One of the frustrations I hear with advocacy is that people will say, ‘I went to Capitol Hill and I only got to speak to a staffer.’ I can assure you with absolute clarity that it is important for the staff to understand the rules and why you feel the way you do, and to base it on facts, not emotion. Because they do influence what happens. Over the years, you’ll get to speak with congressmen, legislators, or the people who run the agencies. Those opportunities will most likely be afforded to you eventually, but the staffers are a huge influence, and that should never be negated.
Gamble: I can imagine that the interactions with policymakers have changed since HITECH first started, because there’s much more of an understanding on their part about electronic records and things of that nature.
Johnson: It definitely has changed. I think we learned together. We learned a lot more about the legislative process, about the work of the committees, about who to talk to and where the benefits are, and getting a group of like-minded people together to drive forward change. So I think we all learned.
There’s no question that for the vast majority of the people we meet with, we still have fundamental conversations explaining what an EHR is or what digital media is; it’s not completely removed. On the other hand, we’ll say, ‘We keep seeing that this is stuck in X committee or it seems to be stalled. Help us understand why.’ So I think it’s been a mutual growth in our knowledge of each other’s roles, jobs, and expertise.
Gamble: Looking back to when you first got into advocacy, I’m sure there have been enormous changes from your perspective.
Johnson: It’s incredible to me. Because I’m someone who embraces and thrives on change, always hoping for the best and trying to keep that ‘glass is half-full’ mentality, I know we’re in for a lot of changes in the next two years, and I think that’s a good thing. The last time I was asked what I think of the election and the various appointees, my answer was, ‘I don’t know yet.’ I’m reading everything I can get my hands on, but the media is the media. You’re going to get given what you get given and none of us have time — at least, I don’t — to listen to everything firsthand. You’re going to be subject to people speaking and writing from their own context. That’s okay, but rather than be concerned about who could have been elected or who did get elected, it’s my thought that the hand has been dealt, and we have two choices. We can pick up that hand and play it and take advantage of our knowledge and our ability to make change and embrace it and move forward, or we can leave the hand sitting on the table and let somebody else pick it up. I choose the former. I’m anxious to learn more about what’s going to happen and how we can translate that into our world and use it to the advantage of our organizations, our patients, our clinicians, rather than second-guessing what could have happened. I don’t think, generally speaking, that leads to particularly effective outcomes. I think you should be cognizant and pay attention. By that, I’m not saying to put on rose-colored glasses and ignore the obvious. I’m saying be open, be ready to listen and hear and think about how can this be used in a way that’s positive. And in those cases where you don’t understand what’s happening, ask questions. Clarify. Make sure you’re reacting to the right information, and be proactive in your reaction, interpretation, and implementation of what needs to be done.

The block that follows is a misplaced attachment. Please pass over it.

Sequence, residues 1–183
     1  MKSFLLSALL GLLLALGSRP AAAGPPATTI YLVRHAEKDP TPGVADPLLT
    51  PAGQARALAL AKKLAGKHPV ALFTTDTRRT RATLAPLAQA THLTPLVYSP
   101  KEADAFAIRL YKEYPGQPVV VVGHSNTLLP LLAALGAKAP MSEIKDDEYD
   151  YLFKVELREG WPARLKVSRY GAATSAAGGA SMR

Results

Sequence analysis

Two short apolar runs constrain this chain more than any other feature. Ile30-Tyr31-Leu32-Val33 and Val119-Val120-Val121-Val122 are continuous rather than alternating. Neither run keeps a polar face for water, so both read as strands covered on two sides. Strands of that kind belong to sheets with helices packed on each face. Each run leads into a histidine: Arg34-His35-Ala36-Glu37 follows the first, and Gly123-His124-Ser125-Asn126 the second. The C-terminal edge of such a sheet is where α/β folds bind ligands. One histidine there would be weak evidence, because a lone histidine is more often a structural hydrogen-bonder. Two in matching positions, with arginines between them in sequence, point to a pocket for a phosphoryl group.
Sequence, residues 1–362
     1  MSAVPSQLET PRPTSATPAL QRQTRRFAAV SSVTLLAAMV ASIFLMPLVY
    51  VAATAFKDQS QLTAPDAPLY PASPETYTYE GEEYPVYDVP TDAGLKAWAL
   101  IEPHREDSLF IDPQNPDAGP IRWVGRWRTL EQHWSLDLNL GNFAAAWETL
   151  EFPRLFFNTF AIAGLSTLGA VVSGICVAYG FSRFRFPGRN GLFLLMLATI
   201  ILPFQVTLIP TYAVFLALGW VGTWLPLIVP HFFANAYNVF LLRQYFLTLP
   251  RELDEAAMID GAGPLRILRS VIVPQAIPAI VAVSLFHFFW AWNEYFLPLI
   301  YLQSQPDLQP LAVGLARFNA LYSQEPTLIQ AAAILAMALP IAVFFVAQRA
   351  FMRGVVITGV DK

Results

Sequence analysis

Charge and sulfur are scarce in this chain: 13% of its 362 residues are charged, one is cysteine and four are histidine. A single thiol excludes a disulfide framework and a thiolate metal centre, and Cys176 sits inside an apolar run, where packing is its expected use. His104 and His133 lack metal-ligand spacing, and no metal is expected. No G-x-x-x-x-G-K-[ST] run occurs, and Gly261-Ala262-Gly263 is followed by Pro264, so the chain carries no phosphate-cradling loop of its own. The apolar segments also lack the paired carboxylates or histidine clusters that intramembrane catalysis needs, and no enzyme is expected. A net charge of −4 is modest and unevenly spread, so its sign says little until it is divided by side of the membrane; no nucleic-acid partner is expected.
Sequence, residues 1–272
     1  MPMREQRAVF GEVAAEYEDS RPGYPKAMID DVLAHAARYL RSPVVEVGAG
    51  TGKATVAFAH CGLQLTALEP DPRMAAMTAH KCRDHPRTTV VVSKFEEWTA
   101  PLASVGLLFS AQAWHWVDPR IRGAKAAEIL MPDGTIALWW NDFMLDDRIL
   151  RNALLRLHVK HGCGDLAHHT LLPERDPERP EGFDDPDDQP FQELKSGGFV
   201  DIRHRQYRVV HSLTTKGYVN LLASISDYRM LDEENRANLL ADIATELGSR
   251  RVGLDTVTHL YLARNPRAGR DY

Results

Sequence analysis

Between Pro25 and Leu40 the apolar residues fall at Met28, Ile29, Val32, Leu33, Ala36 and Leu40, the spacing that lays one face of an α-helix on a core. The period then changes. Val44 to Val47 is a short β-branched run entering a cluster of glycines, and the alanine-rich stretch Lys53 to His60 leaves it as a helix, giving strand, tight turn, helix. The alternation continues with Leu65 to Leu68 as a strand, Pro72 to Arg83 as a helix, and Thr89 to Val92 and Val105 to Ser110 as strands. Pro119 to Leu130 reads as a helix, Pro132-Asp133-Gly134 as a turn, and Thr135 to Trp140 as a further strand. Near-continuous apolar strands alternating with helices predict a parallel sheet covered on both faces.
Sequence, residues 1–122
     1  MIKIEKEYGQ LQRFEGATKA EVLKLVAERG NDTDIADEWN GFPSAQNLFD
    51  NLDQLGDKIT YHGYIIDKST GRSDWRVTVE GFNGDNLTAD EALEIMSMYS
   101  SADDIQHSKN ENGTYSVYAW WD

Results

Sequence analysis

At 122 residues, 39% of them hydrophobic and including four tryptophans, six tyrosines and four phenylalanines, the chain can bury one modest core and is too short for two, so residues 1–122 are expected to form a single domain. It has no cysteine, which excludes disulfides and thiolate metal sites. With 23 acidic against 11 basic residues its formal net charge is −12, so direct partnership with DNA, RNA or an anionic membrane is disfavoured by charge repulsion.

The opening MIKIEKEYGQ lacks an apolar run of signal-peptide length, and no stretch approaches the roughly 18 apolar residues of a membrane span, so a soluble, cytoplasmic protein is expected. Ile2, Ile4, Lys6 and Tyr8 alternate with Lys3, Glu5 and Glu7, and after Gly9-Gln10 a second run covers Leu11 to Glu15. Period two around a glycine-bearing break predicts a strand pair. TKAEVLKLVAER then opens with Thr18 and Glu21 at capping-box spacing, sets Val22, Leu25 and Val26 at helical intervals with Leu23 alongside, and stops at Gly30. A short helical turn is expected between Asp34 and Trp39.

Gamble: It’s clear that you have such passion for what you do. It shows through, and it becomes even more important when there are so many things on your plate, that you have that passion as a driving force.
Johnson: When I got into healthcare many years ago, I did it because there was something inside of me that believed that if you take the time to learn and apply what you learn and take the time to be a constant learner, you can make a difference. When I see outcomes changing and team members growing and legislation that has the handprint of those of us who have the knowledge and passion, it’s very rewarding.
It’s my job to make sure we grow those who follow us, and give them the skills they need and acknowledge them. They’re the ones who are going to carry the banner going forward. And when I think about motivation, a lot of us have our own internal mechanisms for evaluating what we’ve done and embracing the joy of that impact, it’s an amazing feeling. But we need to give that recognition to others. When you achieve positive outcomes that are making an impact, you need to share that. It’s not, ‘look what I did,’ it’s ‘look what the team has accomplished. Look what the clinicians have accomplished. Look how our patients feel.’ I haven’t met a person yet who can do that by himself or herself. When you take that collaborative and collective spirit, what you get is amazing.
Gamble: It’s funny, I was just talking to my dad about the whole idea of recognition and how that really goes a long way with people. It doesn’t take a huge effort to make people feel appreciated.
Johnson: Absolutely. And all of us get busy and forget. But whatever it takes to remind you to say thank you, to give public and personal recognition, do it, because people have choices. If they feel like they’re working in an environment where their work is acknowledged, they’re going to be more engaged. I’m always stunned when someone says, ’15 years ago when I heard you speak, I thought it was a great idea, and this is what I did with it.’ It’s so heartwarming, and honestly, it makes you want to keep going.
Because it does matter. Just hearing that you helped one person really does matter. It makes you think, ‘I made a difference for somebody.’
Gamble: Absolutely. Well, I want to thank you so much for taking the time to speak with healthsystemCIO.com. It’s been great getting to learn more about what drives you. Thank you, and I hope we can speak again!
Johnson: You’re welcome, and thanks for taking the time.